Facebook faces outrage over amplifying outrage

Social media giant Facebook faced fresh allegations Monday that its angry algorithms amplified outrage over agreeability.  These revelations are among the latest to emerge out of the Facebook Papers, a trove of internal company documents made public by the Facebook Whistleblower.  

Oddly, the tech giant has responded by using this new round of allegations to condition its algorithm into promoting even more anger and hostility, creating a seemingly infinite vortex of outrage.  “When the world’s throwing a hissy fit, we’re down in the basement printing money,” joked Facebook communications official Tucker Bounds in an internal email.

According to the Washington Post, Facebook engineers gave more points to news stories that elicited an angry response over ones that garnered a ‘like’ by a five to one margin.  This ranking system prompted the company’s cranky old algorithm to promote stories that incited anger over all the feel good, human interest stories the media churns out everyday. 

“In turn, this has caused the world to become engulfed in flames,” said Sen. Amy Klobuchar, chair of the Senate Judiciary antitrust subcommittee at a hearing Monday.  “There’s a lot to discover in these papers about how the platform promotes extremism and hurts our communities, but here’s what is clear: Facebook knew.”

Another revelation in the Facebook Papers exposes efforts early on to build an algorithm for promoting and disseminating information on the platform.  

“They basically sent teams of researchers out to coffee shops to observe what types of news stories got cranky, old retired dudes all riled up,” internal memos revealed.  “They built the algorithm based on what they discovered conducting these ‘field expeditions.’”   

Facebook is facing intense pressure from congress and media outlets regarding why they would knowingly choose to promote outrage over sensible, mild-mannered discussions of the day’s top stories.  

“We’re just flabbergasted that Facebook would intentionally encourage outrage just for clicks and shares,” said Brian Stelter, host of CNN’s Reliable Sources.  “At least when we in the traditional media promote hysteria over measured conversations, it’s because we don’t have a clue what we’re doing.  Facebook knew exactly what they were doing.”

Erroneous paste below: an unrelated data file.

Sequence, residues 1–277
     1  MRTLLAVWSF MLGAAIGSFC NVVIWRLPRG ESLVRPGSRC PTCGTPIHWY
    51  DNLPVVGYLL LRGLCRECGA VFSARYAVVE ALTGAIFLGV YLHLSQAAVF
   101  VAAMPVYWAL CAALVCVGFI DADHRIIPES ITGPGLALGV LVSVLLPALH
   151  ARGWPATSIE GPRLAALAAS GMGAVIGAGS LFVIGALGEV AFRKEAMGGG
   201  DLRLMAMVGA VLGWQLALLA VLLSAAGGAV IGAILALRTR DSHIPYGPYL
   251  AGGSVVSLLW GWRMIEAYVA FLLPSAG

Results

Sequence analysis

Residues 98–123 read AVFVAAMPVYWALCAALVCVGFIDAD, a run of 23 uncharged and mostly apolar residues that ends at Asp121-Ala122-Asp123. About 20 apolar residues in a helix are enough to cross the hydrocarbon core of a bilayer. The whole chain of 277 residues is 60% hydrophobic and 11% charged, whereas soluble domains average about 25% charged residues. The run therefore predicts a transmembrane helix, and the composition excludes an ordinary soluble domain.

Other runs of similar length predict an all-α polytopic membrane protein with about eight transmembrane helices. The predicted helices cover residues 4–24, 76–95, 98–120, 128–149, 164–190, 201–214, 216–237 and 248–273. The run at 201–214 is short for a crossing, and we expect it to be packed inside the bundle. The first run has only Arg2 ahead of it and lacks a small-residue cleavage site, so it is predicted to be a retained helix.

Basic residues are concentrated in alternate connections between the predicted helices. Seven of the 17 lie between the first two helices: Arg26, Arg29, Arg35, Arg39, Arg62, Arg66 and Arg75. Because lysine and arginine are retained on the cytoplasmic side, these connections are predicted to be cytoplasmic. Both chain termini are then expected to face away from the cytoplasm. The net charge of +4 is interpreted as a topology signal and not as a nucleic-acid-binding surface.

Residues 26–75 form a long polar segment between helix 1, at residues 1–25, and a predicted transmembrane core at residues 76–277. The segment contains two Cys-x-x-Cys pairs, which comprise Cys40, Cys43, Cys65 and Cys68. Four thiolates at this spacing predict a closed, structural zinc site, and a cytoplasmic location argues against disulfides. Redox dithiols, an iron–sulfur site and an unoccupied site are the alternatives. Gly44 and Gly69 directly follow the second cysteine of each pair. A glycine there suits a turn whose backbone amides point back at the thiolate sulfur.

Media releases News Pyramid guidelines, recommends five full servings of bullshit per day

Mainstream media outlets today released their 2019 News Pyramid guidelines for recommended daily allowances of news consumption, and there seems to be agreement among experts on one thing – Americans need more bullshit in their news diet.

“Most mainstream news organizations are recommending Americans get at least five full servings of bullshit per day,” says guidelines contributor Brian Stelter, host of CNN’s Reliable Sources.  

While the guidelines don’t specify between print, television, or social media content, most experts agree cable news is an excellent source of the kind of fact-free, speculative nonsense of which most Americans could benefit.  A healthy diet of bullshit journalism has the additional benefit of providing confirmation of the consumer’s beliefs and ideology, while at the same time pointing out that everyone who doesn’t hold the same views is evil and wrong.

The next level on the News Pyramid calls for four daily servings of partisan propaganda. While most Americans try to avoid eating their propaganda, the report notes the necessity of its daily consumption for the functioning of a healthy democracy.  “Don’t worry if you’re left or right, Republican or Democrat,” the guidelines state, “there’s a news organization out there ready to satisfy your partisan hunger.”

In what signals a change from recent years, the new News Pyramid guidelines raise the recommended daily allowance of conspiracy content from two to three servings per day. Experts warn, however, consumers of news should only get their conspiracy from authoritative sources. Rachel Maddow, Vox, and the New York Times are all considered excellent sources of conspiracy content and should be chosen over the empty, non-authoritative conspiracy musings of YouTube.

“Two ‘hit pieces’ per day are essential to a healthy news diet,” according to the new guidelines.  Some journalists take great pleasure in writing ‘hit pieces’ because they recall an adolescent superficiality and pettiness, so consumers should indulge the writer’s childish impulses by reading them.  Although they can be found at almost every news source, the New Yorker and Vox are exceptionally proficient at this brand of juvenile journalism.

Finally, the news consumer should make sure to save room for at least one serving of Jim Acosta per day.  The new guidelines cite Acosta as that rare guilty pleasure that almost as often becomes the news as reports it.  If news dieters follow these simple recommendations, they can become almost as confused and clueless as some of the journalists who report it.